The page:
The hazards include chemical substances, ergonomic and physical hazards, tools, machines and equipment, as well as building and fire safety.
More than 60 million workers around the globe will benefit from the new code, which will be of particular importance to developing countries and emerging economies. Experts from governments and employers’ and workers’ organisations have adopted the code of practice, the organisation said in a media release.
“Having spent the past 50 years regulating, enforcing and, in particular, promoting occupational safety and health, I can personally attest to the fact that the adoption of this ILO Code of Practice is a milestone in the textiles, clothing, leather and footwear industries,” said Jukka Takala, chair of the experts’ meeting that adopted the code.
“We want to ensure that Rana Plaza will never happen again,” said Kamrul Anam, worker vice-chair, referring to the 2013 Bangladesh garment factory building collapse, in which more than 1,000 people died. “If everyone commits to translating the provisions in this code into action, we can ensure that no worker – in Bangladesh or any other country – will ever have to risk their life in a garment factory again.”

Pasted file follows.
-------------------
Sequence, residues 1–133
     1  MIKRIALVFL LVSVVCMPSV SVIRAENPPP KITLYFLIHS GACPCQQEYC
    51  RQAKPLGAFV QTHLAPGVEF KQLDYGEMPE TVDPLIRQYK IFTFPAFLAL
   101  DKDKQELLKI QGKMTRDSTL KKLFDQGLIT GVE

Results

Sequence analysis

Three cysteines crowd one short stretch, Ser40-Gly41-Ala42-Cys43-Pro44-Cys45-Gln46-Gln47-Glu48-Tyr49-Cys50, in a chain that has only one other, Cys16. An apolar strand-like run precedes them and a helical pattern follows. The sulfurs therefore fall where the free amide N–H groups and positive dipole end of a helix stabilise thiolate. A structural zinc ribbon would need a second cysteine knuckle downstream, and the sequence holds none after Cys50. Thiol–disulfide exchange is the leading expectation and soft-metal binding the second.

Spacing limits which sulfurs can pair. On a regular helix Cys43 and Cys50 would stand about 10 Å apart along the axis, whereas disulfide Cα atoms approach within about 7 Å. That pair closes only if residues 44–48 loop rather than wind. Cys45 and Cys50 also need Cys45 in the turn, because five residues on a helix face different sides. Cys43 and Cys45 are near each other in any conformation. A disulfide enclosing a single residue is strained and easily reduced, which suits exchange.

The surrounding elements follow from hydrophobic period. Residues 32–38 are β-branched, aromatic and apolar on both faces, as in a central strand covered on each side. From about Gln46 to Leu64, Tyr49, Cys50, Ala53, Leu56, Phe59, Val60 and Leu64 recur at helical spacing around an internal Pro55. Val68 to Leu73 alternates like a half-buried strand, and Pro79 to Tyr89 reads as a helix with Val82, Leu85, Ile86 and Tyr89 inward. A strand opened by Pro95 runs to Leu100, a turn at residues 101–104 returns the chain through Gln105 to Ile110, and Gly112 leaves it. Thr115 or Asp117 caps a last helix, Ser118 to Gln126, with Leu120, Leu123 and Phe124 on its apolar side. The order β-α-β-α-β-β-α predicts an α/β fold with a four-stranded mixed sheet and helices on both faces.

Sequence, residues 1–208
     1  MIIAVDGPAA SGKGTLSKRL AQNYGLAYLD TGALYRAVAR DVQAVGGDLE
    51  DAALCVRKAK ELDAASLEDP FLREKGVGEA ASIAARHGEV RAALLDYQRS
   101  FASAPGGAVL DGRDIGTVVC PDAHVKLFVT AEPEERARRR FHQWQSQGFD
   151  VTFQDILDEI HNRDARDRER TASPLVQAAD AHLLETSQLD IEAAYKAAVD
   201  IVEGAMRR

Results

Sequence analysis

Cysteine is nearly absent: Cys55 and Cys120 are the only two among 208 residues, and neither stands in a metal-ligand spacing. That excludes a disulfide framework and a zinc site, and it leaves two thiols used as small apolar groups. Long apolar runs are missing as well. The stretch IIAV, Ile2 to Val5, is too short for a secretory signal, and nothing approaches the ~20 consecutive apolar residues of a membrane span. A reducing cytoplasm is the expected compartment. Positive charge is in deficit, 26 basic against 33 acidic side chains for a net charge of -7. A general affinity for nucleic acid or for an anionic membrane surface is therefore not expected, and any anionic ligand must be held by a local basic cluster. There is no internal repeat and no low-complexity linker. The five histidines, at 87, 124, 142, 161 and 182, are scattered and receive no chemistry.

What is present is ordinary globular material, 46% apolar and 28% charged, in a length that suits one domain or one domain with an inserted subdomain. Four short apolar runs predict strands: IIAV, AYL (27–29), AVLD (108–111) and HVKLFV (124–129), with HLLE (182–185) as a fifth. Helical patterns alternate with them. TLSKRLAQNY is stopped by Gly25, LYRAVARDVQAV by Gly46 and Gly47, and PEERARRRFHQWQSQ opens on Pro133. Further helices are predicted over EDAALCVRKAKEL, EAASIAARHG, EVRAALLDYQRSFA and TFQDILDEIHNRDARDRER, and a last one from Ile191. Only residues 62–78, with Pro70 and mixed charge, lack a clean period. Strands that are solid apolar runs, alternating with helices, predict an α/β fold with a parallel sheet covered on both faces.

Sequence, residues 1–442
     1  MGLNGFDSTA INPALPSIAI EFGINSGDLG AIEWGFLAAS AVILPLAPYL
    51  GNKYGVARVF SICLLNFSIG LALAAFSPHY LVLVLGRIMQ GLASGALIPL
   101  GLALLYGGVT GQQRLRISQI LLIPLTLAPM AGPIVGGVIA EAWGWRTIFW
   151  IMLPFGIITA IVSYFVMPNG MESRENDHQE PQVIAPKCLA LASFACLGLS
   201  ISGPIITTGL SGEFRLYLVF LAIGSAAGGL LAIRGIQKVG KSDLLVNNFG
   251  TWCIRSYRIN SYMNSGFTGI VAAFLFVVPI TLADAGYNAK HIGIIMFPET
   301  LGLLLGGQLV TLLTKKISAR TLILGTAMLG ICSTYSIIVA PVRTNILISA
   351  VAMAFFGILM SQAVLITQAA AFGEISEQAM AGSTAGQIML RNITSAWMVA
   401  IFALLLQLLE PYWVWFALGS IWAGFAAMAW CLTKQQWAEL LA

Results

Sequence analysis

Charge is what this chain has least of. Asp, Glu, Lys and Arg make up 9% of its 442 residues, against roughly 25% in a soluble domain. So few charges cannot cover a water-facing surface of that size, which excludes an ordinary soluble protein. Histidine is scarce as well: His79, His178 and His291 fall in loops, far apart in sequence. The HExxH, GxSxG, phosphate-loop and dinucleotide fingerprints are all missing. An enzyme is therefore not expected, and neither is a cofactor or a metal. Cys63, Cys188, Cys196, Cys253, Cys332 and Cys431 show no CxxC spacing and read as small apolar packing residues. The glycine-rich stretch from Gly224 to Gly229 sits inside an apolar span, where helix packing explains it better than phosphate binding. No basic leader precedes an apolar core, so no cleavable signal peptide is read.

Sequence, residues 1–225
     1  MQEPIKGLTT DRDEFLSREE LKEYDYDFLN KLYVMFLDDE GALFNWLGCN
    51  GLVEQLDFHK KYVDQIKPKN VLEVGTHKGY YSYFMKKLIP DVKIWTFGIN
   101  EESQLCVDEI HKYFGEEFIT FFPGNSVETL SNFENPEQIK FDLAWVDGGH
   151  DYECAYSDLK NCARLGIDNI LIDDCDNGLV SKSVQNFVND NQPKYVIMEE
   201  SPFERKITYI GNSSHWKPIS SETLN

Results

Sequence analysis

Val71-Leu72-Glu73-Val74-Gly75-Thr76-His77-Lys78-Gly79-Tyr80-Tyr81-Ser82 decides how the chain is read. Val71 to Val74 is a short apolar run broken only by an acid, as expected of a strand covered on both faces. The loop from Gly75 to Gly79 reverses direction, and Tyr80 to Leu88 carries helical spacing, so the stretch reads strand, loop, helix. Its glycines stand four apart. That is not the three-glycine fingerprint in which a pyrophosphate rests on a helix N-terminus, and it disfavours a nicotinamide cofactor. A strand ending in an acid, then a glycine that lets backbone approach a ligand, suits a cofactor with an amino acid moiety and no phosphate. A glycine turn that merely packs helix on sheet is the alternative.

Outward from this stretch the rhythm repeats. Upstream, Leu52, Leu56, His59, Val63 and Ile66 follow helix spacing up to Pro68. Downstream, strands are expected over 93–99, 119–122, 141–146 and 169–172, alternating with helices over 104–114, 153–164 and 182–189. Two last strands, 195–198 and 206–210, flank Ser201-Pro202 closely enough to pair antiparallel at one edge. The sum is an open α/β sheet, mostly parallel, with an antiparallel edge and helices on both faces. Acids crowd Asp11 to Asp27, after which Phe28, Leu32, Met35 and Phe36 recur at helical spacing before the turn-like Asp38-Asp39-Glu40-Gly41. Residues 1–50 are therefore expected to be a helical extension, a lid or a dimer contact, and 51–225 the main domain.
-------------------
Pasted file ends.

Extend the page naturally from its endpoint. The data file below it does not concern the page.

The textiles, clothing, leather and footwear industries have been hit hard by the COVID-19 crisis. Thousands of enterprises have been forced to stop production, leading to millions of workers losing their livelihoods.
Worldwide, about 2.8 million workers die every year from work-related injuries and diseases in different sectors. A further 160 million workers suffer from work-related diseases, and 374 million workers experience non-fatal injuries. More than four per cent of the world’s annual gross domestic product (GDP) is lost as a consequence of work-related injuries and diseases.
“We acknowledge and support the pivotal role the ILO has to play in strengthening both national and sectoral occupational safety and health (OSH) systems,” said government vice-chair, Bastian Fochmann. “With this code of practice on safety and health – and thanks to the excellent contributions of employers, workers and governments – we are now equipped with the occupational safety and health (OSH) tools and approaches the textiles, clothing, leather and footwear industries and their supply chains need to ensure a safer and brighter future for all.”
Director of the ILO Sectoral Policies Department, Alette van Leur added: “The new code of practice will serve as a basis for developing national or company OSH management systems and contribute to the overall improvements of working conditions in this sector and beyond.”
Fibre2Fashion News Desk (KD)
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